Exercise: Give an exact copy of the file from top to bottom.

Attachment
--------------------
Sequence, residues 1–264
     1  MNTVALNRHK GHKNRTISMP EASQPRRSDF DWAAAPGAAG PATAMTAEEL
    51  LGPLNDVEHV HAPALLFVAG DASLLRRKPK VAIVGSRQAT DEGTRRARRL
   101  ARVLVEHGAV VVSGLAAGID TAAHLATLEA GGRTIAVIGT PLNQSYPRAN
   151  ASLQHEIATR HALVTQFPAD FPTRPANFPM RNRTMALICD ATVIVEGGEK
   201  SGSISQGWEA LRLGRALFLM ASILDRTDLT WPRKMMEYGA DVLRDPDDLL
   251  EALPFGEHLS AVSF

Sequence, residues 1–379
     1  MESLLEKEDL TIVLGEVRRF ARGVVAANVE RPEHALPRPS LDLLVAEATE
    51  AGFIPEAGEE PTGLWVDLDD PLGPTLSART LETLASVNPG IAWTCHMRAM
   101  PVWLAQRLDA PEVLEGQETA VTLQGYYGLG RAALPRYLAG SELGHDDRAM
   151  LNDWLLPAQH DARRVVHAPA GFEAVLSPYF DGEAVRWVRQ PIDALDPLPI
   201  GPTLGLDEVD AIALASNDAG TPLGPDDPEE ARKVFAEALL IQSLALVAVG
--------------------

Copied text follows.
Sequence, residues 1–264
     1  MNTVALNRHK GHKNRTISMP EASQPRRSDF DWAAAPGAAG PATAMTAEEL
    51  LGPLNDVEHV HAPALLFVAG DASLLRRKPK VAIVGSRQAT DEGTRRARRL
   101  ARVLVEHGAV VVSGLAAGID TAAHLATLEA GGRTIAVIGT PLNQSYPRAN
   151  ASLQHEIATR HALVTQFPAD FPTRPANFPM RNRTMALICD ATVIVEGGEK
   201  SGSISQGWEA LRLGRALFLM ASILDRTDLT WPRKMMEYGA DVLRDPDDLL
   251  EALPFGEHLS AVSF

Sequence, residues 1–379
     1  MESLLEKEDL TIVLGEVRRF ARGVVAANVE RPEHALPRPS LDLLVAEATE
    51  AGFIPEAGEE PTGLWVDLDD PLGPTLSART LETLASVNPG IAWTCHMRAM
   101  PVWLAQRLDA PEVLEGQETA VTLQGYYGLG RAALPRYLAG SELGHDDRAM
   151  LNDWLLPAQH DARRVVHAPA GFEAVLSPYF DGEAVRWVRQ PIDALDPLPI
   201  GPTLGLDEVD AIALASNDAG TPLGPDDPEE ARKVFAEALL IQSLALVAVG